Microsoft announced a new version of Windows and a laptop to go along with it yesterday, but the reaction has been tepid at best. Windows 10 S is supposed to be taking on Chrome OS with a specific focus on education, but Microsoft chose to show off the new stripped down OS with the $1,000 Surface Laptop. The more we hear about how Windows 10 S works, the less sense this device makes. For example, Edge is going to be your default browser. Don’t like that? Tough.
The FAQ for Windows 10 S notes that you can download any browser from the Windows Store. That’s great! You currently have your choice of Microsoft Edge, Microsoft Edge, or oh, Microsoft Edge. Favorites like Firefox and Chrome are not listed in the Windows Store. Even if they were, Microsoft confirms that Edge will remain the default browser. That means clicking on links in other apps or opening HTML files will bring you to Edge.
Microsoft’s rationale for this is at least consistent with the vision for Windows 10 S. It’s always talking about Edge being more efficient on Windows. This version of the platform is all about keeping system process and apps under control to maintain better performance and battery life. Although, I would point out that using apps you don’t like could still result in a net loss. Maybe you’d lose a little battery life with Chrome, but you waste time wrestling with Edge when forced to use it.
Why would Edge be less optimal? After all, browsers are all pretty good these days. Well, Windows 10 S not only forces you to keep Edge as the default browser, it won’t let you change the search provider. You’re stuck with Bing. I’m not sure there’s any defensible explanation for this limitation. You can open Chrome right now and set Bing as the default search provider. This even works on a Chromebook.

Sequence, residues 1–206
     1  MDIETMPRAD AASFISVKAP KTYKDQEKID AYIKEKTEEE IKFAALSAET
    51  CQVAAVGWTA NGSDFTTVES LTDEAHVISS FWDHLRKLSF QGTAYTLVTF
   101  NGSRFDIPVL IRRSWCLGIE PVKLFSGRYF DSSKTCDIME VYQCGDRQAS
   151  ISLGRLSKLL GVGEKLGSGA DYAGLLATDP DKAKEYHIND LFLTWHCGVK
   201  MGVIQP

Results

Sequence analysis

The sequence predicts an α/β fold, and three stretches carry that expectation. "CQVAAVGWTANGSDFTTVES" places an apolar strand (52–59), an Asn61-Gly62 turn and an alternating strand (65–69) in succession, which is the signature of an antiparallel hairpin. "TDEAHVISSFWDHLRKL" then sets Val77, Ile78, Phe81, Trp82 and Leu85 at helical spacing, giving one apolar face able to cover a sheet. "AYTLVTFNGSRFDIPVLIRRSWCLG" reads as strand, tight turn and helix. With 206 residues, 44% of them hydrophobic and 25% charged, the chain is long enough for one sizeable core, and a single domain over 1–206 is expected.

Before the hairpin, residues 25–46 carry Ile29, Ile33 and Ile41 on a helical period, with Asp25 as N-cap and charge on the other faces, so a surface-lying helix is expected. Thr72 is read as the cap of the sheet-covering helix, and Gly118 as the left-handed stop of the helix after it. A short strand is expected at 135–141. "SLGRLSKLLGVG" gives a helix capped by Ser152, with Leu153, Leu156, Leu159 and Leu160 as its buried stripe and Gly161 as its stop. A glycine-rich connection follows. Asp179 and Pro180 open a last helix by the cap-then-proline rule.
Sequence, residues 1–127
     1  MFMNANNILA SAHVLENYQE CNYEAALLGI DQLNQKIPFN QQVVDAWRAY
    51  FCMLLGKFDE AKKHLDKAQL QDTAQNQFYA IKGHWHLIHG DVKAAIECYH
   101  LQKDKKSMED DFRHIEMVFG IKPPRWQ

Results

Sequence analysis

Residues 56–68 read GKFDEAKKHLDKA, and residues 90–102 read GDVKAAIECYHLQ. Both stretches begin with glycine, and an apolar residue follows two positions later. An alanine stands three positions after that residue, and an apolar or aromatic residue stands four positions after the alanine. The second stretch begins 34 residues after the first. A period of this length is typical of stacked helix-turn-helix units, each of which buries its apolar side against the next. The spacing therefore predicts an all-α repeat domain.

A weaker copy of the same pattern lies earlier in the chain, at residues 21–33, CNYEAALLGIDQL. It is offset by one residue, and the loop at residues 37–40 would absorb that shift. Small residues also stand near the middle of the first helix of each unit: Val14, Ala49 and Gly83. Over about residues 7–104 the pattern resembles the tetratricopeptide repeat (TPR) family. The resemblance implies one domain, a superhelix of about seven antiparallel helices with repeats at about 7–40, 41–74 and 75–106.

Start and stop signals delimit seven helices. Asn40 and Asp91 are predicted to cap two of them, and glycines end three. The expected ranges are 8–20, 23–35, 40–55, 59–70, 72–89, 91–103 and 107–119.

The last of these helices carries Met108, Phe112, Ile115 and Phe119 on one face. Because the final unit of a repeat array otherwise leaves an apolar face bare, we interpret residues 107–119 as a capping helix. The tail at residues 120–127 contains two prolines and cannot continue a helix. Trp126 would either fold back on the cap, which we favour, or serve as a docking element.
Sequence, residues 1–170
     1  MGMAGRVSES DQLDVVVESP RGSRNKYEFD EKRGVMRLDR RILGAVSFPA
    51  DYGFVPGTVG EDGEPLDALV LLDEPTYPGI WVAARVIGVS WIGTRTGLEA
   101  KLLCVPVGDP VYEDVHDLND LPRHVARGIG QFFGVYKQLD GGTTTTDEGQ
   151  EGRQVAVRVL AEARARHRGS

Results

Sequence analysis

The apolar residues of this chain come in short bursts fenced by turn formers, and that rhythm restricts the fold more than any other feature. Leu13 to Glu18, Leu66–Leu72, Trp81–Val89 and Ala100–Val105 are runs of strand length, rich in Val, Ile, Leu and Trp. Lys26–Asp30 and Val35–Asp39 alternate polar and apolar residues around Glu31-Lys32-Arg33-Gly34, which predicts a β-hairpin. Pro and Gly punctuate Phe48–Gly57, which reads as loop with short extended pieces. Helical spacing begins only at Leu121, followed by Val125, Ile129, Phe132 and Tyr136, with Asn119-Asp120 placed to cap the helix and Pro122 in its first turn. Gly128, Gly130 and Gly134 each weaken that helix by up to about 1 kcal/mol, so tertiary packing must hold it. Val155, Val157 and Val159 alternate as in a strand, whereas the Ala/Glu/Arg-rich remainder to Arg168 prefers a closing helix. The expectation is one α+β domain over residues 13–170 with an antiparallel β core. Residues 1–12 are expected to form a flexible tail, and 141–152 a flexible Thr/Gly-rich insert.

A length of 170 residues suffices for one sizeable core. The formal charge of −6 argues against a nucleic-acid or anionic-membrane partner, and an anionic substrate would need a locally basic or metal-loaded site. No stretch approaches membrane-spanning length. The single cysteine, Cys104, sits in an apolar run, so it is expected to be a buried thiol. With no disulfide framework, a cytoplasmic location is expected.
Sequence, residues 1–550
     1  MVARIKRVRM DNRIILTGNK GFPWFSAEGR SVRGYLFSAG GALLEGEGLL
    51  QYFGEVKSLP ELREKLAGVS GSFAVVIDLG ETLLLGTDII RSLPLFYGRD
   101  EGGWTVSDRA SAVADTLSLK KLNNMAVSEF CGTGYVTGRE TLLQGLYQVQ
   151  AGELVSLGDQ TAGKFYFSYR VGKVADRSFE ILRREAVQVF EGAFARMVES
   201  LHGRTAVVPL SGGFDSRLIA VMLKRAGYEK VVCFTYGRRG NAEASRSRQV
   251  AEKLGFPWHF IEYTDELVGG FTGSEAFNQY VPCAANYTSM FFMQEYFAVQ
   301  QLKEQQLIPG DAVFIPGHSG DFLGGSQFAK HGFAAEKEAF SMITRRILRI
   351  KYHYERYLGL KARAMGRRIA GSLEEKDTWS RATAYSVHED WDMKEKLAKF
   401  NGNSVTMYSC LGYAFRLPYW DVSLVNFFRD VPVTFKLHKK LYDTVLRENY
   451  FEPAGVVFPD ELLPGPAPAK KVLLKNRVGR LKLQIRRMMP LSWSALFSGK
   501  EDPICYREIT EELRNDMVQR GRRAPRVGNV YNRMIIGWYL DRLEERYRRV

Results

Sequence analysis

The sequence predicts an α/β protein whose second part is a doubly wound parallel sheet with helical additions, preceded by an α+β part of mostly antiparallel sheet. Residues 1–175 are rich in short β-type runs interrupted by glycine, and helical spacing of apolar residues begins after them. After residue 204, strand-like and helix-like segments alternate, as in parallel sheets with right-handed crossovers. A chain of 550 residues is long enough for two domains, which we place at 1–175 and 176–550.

The browser restriction is unusual, and it’s even stranger to see it on a $1,000 laptop. As we pointed out previously, there are cheaper laptops with better specs and the full version of Windows. We’re still not sure what Microsoft has planned for the Windows 10 Pro upgrade. Much of the reporting from Microsoft’s event cited a $50 fee to upgrade for individuals, but schools could get the upgrade free. Is it really free, or only free for a limited time? And will all computers that ship with Windows 10 S even be eligible for the upgrade?
Considering all the limitations we’re now learning about, it’s weird to think Microsoft is even bothering to sell this $1,000 laptop with such a hobbled version of Windows. The whole thing reeks of Windows RT.
This article and images was originally posted on [ExtremeTechExtremeTech] May 3, 2017 at 10:31AM
By Ryan Whitwam